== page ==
The 50th anniversary of Mountain Equipment is celebrated in this fast paced film showing decade by decade reflections of highlights through the last 50 years of climbing. The transition from heavyweight expeditions conquering huge unclimbed faces to fast alpine style ascents without oxygen. An evolution from aid to free climbing and bouldering. Rare archive footage interwoven with emotional and motivating interviews from Messner, Scott, Zak, Parkin, Venables, Habeler, Boyson, L’Herpiniere, Hall and MacLeod.
In Conversation With Dave MacLeod (5 minutes)
Dave is Britain's best all round climber and has climbed 9a in sport climbing, V13/14 in bouldering, onsighted E7, climbed E11 and winter XII
He started climbing when he was 15 and climbed most of the hard rock and winter climbs in Scotland. For the last decade he's been making first ascents of as many hard routes as possible in most climbing disciplines but especially trad, bouldering, sport climbing and winter climbing. His route Rhapsody was the first E11 graded climb in the world. Dave's hardest climbs, Echo Wall (E11) and Anubis (XII) could be among the hardest summer and winter trad climbs in the world.
In Conversation with Doug Scott (12 minutes)
Doug Scott has made 45 expeditions to the high mountains of Asia. He has reached the summit of 40 peaks, of which half were climbed by new routes or for the first time in alpine style.
Apart from his climb up the South West Face of Everest with Dougal Haston during Chris Bonington's Expedition of 1975, he has made all his climbs in lightweight or Alpine Style, without the use of artificial oxygen. He has reached the highest peaks on all seven continents - 'the seven summits.' He is a past President of the Alpine Club. He was made a CBE in 1994. In 1999 he received the Royal Geographical Society Patron's Gold Medal.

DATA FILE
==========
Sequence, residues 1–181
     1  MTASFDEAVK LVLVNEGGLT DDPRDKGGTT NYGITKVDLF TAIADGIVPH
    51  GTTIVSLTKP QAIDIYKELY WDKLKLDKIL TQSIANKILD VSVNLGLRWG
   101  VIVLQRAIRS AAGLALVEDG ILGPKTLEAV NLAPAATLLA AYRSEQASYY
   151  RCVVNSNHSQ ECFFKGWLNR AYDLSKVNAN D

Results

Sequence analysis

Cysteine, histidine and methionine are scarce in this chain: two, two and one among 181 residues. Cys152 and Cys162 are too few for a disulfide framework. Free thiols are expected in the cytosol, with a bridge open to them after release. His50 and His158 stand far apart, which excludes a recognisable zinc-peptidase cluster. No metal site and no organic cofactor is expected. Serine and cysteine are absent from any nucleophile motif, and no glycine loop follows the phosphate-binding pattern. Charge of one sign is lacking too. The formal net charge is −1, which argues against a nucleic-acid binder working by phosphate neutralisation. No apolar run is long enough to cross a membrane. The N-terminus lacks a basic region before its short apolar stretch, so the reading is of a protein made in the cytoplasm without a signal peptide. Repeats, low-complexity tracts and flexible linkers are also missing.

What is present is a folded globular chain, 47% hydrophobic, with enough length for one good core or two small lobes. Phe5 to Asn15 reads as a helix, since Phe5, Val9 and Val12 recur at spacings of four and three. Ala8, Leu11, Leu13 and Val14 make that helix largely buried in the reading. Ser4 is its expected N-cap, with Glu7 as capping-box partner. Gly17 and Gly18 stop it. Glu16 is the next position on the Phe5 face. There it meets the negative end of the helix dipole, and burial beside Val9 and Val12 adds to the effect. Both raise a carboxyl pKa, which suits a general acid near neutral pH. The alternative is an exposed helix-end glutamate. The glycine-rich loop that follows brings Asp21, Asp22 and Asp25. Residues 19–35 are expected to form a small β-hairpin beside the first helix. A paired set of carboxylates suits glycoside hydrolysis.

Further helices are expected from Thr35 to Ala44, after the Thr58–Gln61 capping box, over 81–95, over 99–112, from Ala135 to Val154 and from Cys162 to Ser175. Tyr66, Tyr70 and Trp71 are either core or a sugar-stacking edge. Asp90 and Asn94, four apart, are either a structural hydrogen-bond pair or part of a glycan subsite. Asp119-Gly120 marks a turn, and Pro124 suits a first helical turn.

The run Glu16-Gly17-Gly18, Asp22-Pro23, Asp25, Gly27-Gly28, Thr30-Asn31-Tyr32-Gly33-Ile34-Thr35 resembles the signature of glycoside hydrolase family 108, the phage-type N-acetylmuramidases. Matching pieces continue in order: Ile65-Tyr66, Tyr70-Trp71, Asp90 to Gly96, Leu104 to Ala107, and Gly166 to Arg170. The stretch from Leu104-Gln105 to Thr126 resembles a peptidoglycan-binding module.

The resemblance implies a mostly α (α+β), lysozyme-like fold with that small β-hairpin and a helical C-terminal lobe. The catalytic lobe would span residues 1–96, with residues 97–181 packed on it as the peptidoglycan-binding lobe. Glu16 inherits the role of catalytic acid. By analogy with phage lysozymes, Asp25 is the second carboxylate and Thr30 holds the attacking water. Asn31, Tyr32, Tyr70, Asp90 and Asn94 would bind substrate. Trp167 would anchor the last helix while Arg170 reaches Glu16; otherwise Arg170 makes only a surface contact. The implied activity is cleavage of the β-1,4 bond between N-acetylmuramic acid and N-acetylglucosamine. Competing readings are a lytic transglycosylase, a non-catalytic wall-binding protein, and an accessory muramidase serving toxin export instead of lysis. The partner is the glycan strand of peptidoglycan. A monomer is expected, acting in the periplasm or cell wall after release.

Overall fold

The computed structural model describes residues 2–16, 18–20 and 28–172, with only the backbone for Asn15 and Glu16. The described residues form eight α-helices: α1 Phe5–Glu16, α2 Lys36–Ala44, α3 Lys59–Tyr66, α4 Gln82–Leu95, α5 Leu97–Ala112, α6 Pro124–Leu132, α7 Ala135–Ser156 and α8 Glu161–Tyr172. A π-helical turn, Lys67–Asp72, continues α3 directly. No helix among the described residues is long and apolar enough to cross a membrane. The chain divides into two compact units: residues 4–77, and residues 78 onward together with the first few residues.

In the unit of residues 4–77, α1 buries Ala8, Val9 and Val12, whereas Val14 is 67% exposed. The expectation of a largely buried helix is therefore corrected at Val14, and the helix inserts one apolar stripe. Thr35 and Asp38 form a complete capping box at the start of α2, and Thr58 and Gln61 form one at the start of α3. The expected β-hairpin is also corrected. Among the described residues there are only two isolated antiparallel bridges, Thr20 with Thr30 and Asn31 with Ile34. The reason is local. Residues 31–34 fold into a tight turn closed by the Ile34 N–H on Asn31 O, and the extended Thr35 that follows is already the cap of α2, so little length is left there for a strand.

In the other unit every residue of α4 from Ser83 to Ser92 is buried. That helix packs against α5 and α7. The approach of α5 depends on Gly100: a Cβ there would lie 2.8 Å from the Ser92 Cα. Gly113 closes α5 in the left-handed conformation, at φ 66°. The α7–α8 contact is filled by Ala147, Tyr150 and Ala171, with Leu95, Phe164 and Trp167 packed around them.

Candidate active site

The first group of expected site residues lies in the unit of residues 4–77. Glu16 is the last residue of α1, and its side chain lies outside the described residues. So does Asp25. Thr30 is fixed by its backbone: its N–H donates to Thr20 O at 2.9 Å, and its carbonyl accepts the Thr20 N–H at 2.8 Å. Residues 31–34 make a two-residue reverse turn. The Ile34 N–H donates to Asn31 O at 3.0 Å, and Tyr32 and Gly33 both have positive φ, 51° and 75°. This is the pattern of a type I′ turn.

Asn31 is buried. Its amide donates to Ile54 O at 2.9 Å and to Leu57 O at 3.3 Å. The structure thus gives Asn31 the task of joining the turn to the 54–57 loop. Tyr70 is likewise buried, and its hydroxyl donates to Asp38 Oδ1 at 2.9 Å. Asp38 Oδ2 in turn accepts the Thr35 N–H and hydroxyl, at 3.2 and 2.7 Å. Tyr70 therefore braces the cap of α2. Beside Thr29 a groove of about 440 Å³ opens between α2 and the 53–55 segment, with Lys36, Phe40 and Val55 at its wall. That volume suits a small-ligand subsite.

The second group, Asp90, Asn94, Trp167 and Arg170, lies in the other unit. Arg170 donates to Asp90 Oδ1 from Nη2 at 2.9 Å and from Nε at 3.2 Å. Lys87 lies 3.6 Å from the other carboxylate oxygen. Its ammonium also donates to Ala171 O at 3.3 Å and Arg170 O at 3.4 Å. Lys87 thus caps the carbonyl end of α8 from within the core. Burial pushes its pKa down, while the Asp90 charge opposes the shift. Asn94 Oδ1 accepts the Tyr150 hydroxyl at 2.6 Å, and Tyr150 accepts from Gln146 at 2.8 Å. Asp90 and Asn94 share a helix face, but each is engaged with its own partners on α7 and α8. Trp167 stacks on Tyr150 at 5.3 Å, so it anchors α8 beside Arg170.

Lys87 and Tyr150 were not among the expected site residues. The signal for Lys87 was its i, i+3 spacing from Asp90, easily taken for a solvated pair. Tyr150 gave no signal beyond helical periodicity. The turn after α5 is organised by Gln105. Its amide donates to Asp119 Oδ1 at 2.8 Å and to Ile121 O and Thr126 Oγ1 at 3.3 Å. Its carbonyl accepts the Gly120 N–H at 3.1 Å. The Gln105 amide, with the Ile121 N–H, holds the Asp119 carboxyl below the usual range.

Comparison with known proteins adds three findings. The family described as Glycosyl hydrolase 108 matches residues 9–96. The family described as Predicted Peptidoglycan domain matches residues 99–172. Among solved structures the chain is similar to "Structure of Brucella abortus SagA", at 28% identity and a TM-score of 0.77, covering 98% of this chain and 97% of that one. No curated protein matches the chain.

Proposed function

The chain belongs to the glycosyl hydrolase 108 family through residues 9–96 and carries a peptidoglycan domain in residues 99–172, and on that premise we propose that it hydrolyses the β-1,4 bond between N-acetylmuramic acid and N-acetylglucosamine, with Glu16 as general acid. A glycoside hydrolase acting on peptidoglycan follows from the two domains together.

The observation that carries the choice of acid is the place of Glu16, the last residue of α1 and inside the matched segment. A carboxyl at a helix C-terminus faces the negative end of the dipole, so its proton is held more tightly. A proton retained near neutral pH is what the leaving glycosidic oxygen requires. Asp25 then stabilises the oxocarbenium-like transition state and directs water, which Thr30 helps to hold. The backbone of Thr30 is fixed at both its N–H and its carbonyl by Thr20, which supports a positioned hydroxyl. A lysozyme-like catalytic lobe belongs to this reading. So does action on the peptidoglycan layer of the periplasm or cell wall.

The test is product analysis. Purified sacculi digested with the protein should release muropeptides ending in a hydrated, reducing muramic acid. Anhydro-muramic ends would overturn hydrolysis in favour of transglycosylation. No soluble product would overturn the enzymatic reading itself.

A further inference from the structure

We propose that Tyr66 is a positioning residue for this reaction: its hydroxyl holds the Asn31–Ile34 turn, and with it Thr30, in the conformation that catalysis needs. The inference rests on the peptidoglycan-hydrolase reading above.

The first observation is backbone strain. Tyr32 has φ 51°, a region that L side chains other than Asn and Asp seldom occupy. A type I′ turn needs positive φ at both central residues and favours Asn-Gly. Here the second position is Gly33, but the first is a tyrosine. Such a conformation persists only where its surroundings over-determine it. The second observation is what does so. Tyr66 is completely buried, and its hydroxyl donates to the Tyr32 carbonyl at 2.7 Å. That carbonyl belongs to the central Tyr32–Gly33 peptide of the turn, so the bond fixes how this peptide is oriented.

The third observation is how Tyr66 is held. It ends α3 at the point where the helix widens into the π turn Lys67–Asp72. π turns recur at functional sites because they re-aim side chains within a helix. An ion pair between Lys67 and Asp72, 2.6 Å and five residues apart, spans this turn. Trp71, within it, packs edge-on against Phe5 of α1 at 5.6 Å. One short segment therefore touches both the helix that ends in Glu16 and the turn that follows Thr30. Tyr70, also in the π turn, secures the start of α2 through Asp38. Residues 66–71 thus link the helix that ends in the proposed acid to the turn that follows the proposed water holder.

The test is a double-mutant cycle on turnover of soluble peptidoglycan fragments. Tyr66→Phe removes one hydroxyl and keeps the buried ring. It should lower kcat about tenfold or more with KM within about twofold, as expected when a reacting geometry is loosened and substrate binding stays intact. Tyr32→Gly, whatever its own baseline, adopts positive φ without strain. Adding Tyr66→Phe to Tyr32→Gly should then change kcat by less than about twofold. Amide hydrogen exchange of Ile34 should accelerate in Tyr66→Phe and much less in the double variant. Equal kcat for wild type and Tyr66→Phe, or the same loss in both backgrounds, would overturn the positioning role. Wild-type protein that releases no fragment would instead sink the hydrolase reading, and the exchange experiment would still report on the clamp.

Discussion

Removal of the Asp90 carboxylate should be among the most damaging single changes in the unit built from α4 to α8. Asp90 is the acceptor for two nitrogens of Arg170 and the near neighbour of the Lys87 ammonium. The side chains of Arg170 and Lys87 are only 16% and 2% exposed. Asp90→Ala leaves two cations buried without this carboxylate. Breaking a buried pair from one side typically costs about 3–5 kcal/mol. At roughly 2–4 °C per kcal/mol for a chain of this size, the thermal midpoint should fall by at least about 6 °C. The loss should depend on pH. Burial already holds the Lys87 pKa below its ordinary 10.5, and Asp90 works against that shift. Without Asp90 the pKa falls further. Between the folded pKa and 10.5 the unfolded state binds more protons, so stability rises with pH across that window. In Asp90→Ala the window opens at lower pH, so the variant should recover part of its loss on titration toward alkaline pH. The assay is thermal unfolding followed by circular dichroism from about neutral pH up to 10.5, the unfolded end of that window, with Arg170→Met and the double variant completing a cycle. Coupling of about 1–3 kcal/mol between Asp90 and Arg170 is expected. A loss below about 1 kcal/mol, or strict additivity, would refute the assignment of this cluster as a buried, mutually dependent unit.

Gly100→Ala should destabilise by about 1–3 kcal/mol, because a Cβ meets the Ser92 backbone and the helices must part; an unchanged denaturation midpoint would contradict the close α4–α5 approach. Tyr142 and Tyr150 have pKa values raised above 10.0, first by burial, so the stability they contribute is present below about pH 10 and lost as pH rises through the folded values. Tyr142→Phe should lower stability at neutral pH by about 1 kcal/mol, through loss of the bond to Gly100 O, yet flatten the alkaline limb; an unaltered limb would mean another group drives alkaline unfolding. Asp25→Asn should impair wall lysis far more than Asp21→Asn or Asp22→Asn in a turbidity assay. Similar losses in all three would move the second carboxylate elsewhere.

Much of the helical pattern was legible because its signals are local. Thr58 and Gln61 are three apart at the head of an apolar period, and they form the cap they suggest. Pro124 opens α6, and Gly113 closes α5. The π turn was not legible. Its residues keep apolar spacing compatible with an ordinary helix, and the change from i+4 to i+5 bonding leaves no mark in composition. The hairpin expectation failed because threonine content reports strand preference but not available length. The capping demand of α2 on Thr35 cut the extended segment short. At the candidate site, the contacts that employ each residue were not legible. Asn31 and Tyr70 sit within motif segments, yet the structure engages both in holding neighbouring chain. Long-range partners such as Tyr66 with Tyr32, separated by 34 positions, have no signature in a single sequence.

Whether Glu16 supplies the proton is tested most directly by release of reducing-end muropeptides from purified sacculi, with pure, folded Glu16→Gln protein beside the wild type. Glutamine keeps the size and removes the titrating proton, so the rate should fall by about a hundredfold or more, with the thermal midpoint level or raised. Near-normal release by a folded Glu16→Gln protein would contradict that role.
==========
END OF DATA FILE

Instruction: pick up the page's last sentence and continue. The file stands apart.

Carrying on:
In Conversation with Reinhold Messner (7 minutes)
Messner is an Italian mountaineer and explorer from South Tyrol whose astonishing feats on Everest and on peaks throughout the world have earned him the status of the greatest climber in history. He is renowned for making the first ascent of Mount Everest without supplemental oxygen (with Peter Habeler) and for being the first climber to ascend all of the worlds fourteen peaks over 8,000 metres.
In Conversation with Andy Parkin (4 minutes)
Andy Parkin is regarded as one of the world's finest alpine climbers. But in 1984 he suffered a near fatal climbing accident in the Alps. His slow rehabilitation involved painting and sculpting the mountains that had so very nearly claimed his life. Now Andy is known as much for his inspirational artwork as his return to climbing.
In Conversation With Peter Habeler (7 minutes)
Austrian mountaineer Habeler joined Reinhold Messner in 1975 and made the first alpine style ascent of Hidden Peak in three days. This is seen as ushering in a new era of alpine style ascents of eight-thousanders, in contrast to the 'siege' tactics which had largely prevailed to this time. It was the first time an eight-thousander had been climbed alpine style.